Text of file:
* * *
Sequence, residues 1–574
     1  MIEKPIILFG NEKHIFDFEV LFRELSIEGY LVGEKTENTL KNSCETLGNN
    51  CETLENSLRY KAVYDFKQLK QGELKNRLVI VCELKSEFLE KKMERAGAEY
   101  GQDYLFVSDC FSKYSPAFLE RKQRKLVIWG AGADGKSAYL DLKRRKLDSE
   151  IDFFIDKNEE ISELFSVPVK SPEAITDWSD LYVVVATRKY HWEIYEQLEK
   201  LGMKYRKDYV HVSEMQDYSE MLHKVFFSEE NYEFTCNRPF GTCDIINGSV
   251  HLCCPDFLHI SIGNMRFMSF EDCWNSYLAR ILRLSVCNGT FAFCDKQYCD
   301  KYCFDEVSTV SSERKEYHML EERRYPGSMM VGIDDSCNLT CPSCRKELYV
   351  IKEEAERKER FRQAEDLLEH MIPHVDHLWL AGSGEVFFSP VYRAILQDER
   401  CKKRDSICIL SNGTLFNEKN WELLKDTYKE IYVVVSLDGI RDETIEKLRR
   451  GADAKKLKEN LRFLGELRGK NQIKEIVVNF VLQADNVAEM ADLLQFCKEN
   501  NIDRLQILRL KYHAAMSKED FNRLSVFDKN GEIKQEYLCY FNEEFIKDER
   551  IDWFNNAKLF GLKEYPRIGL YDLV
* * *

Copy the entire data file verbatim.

Sequence, residues 1–574
     1  MIEKPIILFG NEKHIFDFEV LFRELSIEGY LVGEKTENTL KNSCETLGNN
    51  CETLENSLRY KAVYDFKQLK QGELKNRLVI VCELKSEFLE KKMERAGAEY
   101  GQDYLFVSDC FSKYSPAFLE RKQRKLVIWG AGADGKSAYL DLKRRKLDSE
   151  IDFFIDKNEE ISELFSVPVK SPEAITDWSD LYVVVATRKY HWEIYEQLEK
   201  LGMKYRKDYV HVSEMQDYSE MLHKVFFSEE NYEFTCNRPF GTCDIINGSV
   251  HLCCPDFLHI SIGNMRFMSF EDCWNSYLAR ILRLSVCNGT FAFCDKQYCD
   301  KYCFDEVSTV SSERKEYHML EERRYPGSMM VGIDDSCNLT CPSCRKELYV
   351  IKEEAERKER FRQAEDLLEH MIPHVDHLWL AGSGEVFFSP VYRAILQDER
   401  CKKRDSICIL SNGTLFNEKN WELLKDTYKE IYVVVSLDGI RDETIEKLRR
   451  GADAKKLKEN LRFLGELRGK NQIKEIVVNF VLQADNVAEM ADLLQFCKEN
   501  NIDRLQILRL KYHAAMSKED FNRLSVFDKN GEIKQEYLCY FNEEFIKDER
   551  IDWFNNAKLF GLKEYPRIGL YDLV